Dr. W.P. Cawood, a witness for the appellant, examined appellee at the hospital after the injury was received, and again in January, 1946. X-Ray pictures made at one of these examinations disclosed a fracture or chip of the third lumbar vertebra, but did not disclose fractures of the second or fourth lumbar vertebrae or the pelvis. In Dr. Cawood's opinion appellee has about a 25 per cent. disability to the body as a whole. The testimony of Dr. Tracy Jones, who treated appellee after the accident, was similar to the testimony of Dr. Cawood.
It is appellant's contention that the question involved is one of scientific or particular skill, does not lie within the range of common knowledge, and, therefore, only persons with special experience and skill in the particular science are qualified witnesses. It is further contended that the opinions expressed by appellee's medical witnesses were based on the symptoms described by him and not upon any conditions disclosed by their examinations, and that the only competent testimony is that offered by appellant which fixes the extent of appellee's disability at not more than 25 per cent. to the body as a whole. The opinions of appellant's medical witnesses were based on the reading of an X-Ray picture which showed a fracture of one vertebra, the third lumbar, but other X-Ray pictures revealed fractures of the second lumbar vertebra and pelvis, and a fracture of the transverse process of the fourth lumbar vertebra. The evidence shows that appellee was a strong, able-bodied young man prior to the accident and since the accident has suffered great pain in the region of the injury, has had kidney and bladder trouble, and has been unable to do any kind of manual labor. Concerning his physical condition in the future, Dr. Evans, testifying on January 28, 1946, nearly two years after the accident, said: "I don't think he will improve any more, so far as his fractures are concerned, they are healed. His kidneys and bladder, I doubt if they will ever improve any more."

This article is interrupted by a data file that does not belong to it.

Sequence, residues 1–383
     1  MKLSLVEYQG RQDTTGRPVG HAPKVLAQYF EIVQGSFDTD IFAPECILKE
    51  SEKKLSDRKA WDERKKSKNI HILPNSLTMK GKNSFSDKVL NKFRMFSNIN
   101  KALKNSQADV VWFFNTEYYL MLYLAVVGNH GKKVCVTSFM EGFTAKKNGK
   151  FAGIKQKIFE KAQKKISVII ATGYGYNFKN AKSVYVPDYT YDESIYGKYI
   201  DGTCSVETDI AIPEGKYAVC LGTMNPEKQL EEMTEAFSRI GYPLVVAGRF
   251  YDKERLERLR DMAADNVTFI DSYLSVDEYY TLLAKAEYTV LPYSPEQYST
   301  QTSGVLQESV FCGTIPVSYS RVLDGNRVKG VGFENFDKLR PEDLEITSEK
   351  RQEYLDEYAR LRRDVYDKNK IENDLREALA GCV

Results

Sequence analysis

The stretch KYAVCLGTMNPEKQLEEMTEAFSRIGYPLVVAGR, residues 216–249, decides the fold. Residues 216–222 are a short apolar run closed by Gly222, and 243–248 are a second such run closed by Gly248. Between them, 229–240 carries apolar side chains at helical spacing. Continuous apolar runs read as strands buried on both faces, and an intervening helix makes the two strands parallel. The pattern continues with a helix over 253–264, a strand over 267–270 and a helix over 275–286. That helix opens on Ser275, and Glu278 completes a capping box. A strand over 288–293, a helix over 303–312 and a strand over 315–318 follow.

As was held in James v. Elkhorn Piney Coal Mining Company, 277 Ky. 765, 766, 127 S.W.2d 823, appellee's testimony concerning his condition was competent and has some probative value. A claimant, like any lay witness, may not undertake to make a prognosis, but he may state facts concerning his condition and these facts may be of such a nature as to enable the Board to determine the extent and duration of the disability even in the absence of medical testimony. Hardwood Sales Company v. Meeks, 286 Ky. 500, 151 S.W.2d 406; Consolidation Coal Company v. Marcum's Adm'r, 289 Ky. 220, 158 S.W.2d 150; City of Olive Hill v. Parsons, 306 Ky. 83, 206 S.W.2d 41.
In view of the policy of broad and liberal construction of the Workmen's Compensation Law, it devolves upon the Workmen's Compensation Board to construe evidence liberally in favor of claimants in compensation cases. We think the evidence in the present case is amply sufficient to sustain the award of the Board, and the judgment accordingly is affirmed.